If WUWT was purely a science site, I would maybe pop in once a month instead of every single day. Social ramifications and political games are hugely important and people need to know what’s going on. Politics affect our lives more than science on its own does, and false science with false results for false reasons is being pushed with terrible consequences.
I have noticed a bit of an upswing in criticism of this site for not “sticking with science” (no reflection on your post, Tom Halla, your comment acted as a reminder).
Those pushing this agenda would love for it to all happen behind closed doors and for the average citizen to sit contented in front of the television – right up until they take away that citizen’s land and rights and freedom.
I come here to WUWT to find out what is going on and where the players in all this stand. None of us will ever know everything that is going on, but what we can see and what we can learn is important.
I agree with you, Tom, that all this is a major issue. It’s an issue that should be fully aired.

Tom Halla
Reply to  A.D. Everard
March 4, 2016 2:46 pm

Thank you. Politics free politics is exactly like the recent thread on “carbon free” sugar.

Reply to  A.D. Everard
March 4, 2016 4:59 pm


Reply to  A.D. Everard
March 5, 2016 5:40 am

+1 from me too.

Gunga Din
Reply to  Tom Halla
March 4, 2016 3:01 pm

WUWT has become something of a political site, but many of the issues are inherently political.

True. At times. Peaks every 4 years and spikes every 2 years. For some reason the political bent of post seems to follow the US election cycle.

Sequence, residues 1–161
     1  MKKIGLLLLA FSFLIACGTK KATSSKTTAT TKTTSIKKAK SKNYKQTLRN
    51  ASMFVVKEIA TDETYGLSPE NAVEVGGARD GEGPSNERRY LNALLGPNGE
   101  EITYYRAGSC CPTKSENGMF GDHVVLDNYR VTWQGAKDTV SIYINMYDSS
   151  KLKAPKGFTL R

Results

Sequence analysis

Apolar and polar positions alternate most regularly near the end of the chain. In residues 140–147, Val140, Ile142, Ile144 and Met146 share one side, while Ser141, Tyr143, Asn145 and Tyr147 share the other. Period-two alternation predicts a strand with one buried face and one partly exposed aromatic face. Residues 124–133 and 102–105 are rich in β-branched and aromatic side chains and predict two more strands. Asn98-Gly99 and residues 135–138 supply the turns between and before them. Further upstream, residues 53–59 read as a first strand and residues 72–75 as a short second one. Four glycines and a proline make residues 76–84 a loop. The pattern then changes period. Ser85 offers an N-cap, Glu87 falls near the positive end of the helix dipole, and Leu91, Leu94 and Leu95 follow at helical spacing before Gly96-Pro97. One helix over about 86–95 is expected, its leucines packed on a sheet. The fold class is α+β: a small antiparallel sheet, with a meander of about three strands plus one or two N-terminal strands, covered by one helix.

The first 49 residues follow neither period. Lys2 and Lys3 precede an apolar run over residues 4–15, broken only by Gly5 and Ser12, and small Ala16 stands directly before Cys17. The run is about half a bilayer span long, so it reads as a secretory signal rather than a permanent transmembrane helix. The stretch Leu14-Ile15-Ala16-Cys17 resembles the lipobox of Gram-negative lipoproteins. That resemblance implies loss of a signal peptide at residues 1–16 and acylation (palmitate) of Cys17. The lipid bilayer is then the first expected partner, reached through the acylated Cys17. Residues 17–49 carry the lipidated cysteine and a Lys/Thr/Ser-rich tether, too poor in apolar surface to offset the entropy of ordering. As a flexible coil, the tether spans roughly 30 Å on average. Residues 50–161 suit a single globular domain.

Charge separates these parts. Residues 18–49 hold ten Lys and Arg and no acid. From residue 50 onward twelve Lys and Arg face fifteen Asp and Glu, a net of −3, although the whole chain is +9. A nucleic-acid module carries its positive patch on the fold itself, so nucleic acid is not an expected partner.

Perhaps to prevent more AHA?
(Anthropomorphic Hot Air)

Bad Andrew
March 4, 2016 8:04 am

“It’s called fraud, and should be punished”
Unfortunately, current leadership/enforcement is not really interested in messing up the pies they currently have their forearms in.

Reply to  Bad Andrew
March 4, 2016 10:38 am

The DOJ ought to be referring the climate charlatans at NASA and NOAA to the FBI for investigation of criminal activity.

Evan Jones
Reply to  TA
March 4, 2016 4:32 pm

I think y’all mustn’t go there. How about both sides get to say what they want, publish what they want, vote as they please, and no one goes to jail?
We used to call that one “liberalism”. (Yet another word that no longer means what it used to mean.)

bit chilly
Reply to  TA
March 4, 2016 6:07 pm

i used to agree with ta, but now i think evan jones way will work out best for humanity in the long run.

John Harmsworth
Reply to  TA
March 5, 2016 11:39 am

I hope you will all forgive my ignorance but I am assuming that research produced by NOAA or other government agencies is submitted to peer review before publication. Further that as these are government product, the peer review should be beyond any possible reproach. If that’s not the case then the process is broken and the organisation is conducting anti-science. If government agencies can’t or won’t support the scientific process then tey should be shut down.

Brian H
Reply to  TA
March 6, 2016 3:03 am

John, careful.
Peer review is designed as as scientific proof-reading, looking for obvious flaws only. It cannot validate anything, only careful replication by peers can do that. And one failure can mean refutation.

Reply to  Bad Andrew
March 4, 2016 11:06 am

Ultimately, the hoax must fall, if not under a new administration, then when temperatures plummet in 20 years. The only question in my mind is whether the trials should be held in Nuremberg, Brussels, New York, the Hague, or Leningrad.

Reply to  jorgekafkazar
March 4, 2016 1:49 pm

Ones found guilty can simply be left outside for nature to deal with.